We live in a time where the 3 inch device that fits in your pocket is more powerful than the computer used in the moon landing. Where the largest repository of knowledge in history is available at our fingertips. Where amounts of data unfathomable to someone 30 or so years ago can be carried on a simple USB drive. Technology is indeed, pretty neat.
Well… when it works.
How many times has a computer problem been solved by simply “turning it off then turning it back on again”? Uninstalling then re-installing the program? Unplugging it then plugging it back in? We backup files to an external drive in case our primary drive fails. We power routers and modems down and up. These are all failures within the respective technology but are usually simply overlooked. It’s as if technology has trained people to become complacent with the minor errors associated with it.
So we’ve established that there are some “acceptable” errors, but where is the line drawn between acceptable and unacceptable? It largely depends on the context. A consumer automotive manufacturer may allow a radio system to be installed in their vehicles even if it has some faults, whereas, on a commercial airliner, such faults might be catastrophic.
So how does this apply to LAVA?
Our goal is to develop fault-free products and, even with highly rigorous product testing, we realize that there can be situations we did not consider or, errors we did not witness. Through our support process, we are always working to improve our products. We also understand that different applications have different levels of acceptable errors. One way LAVA addresses these different customer applications is to offer consumer or commercial grade products that accomplish similar tasks. For example, both a TL002 and any product from the STS line can be used to connect a USB peripheral to a tablet. However, because users don’t always follow the precise connection sequence, the TL002 might appear to have a fault some of the time. And generally, the fix is to disconnect and reconnect i.e. an “acceptable error” as long as it’s not being used in a mission critical scenario. The TL002 offsets this glitch by being less expensive and smaller compared to the STS products which are designed for commercial use. Thus LAVA offers both products: a cost-effective consumer option for non-critical applications, and the STS line for use in commercial applications.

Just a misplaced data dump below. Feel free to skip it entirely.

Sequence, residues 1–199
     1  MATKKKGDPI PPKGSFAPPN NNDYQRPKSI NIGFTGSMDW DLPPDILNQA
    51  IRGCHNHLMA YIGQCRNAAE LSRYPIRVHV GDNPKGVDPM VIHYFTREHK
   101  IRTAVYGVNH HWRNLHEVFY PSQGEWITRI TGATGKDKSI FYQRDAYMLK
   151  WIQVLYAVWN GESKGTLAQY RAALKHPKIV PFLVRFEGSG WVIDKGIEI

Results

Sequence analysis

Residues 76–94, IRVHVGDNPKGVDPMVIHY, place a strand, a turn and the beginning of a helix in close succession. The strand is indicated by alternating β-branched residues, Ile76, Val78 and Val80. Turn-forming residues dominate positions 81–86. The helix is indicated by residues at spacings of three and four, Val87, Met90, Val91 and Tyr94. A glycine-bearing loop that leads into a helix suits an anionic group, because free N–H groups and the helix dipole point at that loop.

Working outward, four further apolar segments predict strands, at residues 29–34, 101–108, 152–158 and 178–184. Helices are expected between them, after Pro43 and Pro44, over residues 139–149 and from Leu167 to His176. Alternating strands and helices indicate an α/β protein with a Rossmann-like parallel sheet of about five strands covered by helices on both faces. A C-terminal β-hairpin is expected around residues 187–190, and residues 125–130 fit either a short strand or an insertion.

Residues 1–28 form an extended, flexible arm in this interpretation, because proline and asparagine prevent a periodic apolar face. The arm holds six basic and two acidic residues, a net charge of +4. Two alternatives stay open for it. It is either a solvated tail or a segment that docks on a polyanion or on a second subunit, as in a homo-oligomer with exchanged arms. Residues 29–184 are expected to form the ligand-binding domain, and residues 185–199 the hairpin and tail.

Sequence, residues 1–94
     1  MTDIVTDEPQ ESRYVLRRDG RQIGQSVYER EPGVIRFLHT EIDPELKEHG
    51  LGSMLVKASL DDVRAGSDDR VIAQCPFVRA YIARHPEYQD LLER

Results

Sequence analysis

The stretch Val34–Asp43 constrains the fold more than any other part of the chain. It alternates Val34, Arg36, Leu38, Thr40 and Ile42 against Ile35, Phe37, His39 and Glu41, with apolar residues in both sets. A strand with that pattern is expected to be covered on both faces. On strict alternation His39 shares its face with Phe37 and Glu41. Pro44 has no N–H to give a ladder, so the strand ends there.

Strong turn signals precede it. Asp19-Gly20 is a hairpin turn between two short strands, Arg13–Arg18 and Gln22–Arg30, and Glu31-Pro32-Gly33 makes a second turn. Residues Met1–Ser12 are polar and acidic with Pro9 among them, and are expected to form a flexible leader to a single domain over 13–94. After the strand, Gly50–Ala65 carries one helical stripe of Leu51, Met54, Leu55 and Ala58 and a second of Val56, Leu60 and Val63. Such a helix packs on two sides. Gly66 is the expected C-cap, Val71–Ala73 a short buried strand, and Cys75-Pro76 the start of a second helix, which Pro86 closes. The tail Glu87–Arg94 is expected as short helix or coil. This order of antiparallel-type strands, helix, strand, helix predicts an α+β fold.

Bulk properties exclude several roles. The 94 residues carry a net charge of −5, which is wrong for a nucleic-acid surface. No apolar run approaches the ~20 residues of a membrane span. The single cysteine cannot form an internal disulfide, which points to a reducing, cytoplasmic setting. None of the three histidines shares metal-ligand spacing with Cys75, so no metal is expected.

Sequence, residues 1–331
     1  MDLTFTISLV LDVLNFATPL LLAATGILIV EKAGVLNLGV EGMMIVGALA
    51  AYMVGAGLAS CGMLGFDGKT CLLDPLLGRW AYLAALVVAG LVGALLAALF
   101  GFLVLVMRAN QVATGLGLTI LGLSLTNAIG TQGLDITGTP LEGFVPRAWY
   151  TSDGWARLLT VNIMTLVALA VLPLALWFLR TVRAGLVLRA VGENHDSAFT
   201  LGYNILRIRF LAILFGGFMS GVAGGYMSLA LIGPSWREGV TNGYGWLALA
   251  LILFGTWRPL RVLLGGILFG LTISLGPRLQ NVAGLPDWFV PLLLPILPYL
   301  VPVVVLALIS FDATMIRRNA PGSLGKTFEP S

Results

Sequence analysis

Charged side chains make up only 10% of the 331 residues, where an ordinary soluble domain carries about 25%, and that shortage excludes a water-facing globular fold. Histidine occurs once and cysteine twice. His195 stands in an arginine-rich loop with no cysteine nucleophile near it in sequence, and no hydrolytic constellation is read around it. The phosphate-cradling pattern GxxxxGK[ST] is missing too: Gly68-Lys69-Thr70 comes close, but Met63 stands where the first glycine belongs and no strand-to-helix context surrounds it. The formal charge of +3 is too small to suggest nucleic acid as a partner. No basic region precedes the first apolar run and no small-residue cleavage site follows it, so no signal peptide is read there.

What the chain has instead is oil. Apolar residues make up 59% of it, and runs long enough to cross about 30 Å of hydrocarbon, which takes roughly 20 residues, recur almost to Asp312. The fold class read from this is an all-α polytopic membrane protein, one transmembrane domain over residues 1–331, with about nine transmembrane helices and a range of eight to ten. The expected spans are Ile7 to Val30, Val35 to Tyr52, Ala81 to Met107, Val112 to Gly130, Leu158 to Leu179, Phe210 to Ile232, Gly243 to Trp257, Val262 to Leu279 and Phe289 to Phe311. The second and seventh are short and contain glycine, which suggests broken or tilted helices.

So the next time you’re opening your computers task manager to end a frozen program, remember that as great as technology is, it’s not perfect.